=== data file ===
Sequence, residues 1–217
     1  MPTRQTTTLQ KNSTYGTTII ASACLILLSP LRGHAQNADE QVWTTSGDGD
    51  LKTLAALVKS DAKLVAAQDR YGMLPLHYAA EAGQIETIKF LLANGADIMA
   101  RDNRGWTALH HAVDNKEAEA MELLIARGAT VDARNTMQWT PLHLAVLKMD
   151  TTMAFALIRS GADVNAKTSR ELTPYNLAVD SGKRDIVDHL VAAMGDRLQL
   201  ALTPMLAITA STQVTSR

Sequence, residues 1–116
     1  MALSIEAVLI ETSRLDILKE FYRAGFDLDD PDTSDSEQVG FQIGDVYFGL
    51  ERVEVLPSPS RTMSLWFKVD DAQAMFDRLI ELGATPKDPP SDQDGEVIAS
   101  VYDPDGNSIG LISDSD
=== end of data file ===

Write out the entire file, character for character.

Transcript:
Sequence, residues 1–217
     1  MPTRQTTTLQ KNSTYGTTII ASACLILLSP LRGHAQNADE QVWTTSGDGD
    51  LKTLAALVKS DAKLVAAQDR YGMLPLHYAA EAGQIETIKF LLANGADIMA
   101  RDNRGWTALH HAVDNKEAEA MELLIARGAT VDARNTMQWT PLHLAVLKMD
   151  TTMAFALIRS GADVNAKTSR ELTPYNLAVD SGKRDIVDHL VAAMGDRLQL
   201  ALTPMLAITA STQVTSR

Sequence, residues 1–116
     1  MALSIEAVLI ETSRLDILKE FYRAGFDLDD PDTSDSEQVG FQIGDVYFGL
    51  ERVEVLPSPS RTMSLWFKVD DAQAMFDRLI ELGATPKDPP SDQDGEVIAS
   101  VYDPDGNSIG LISDSD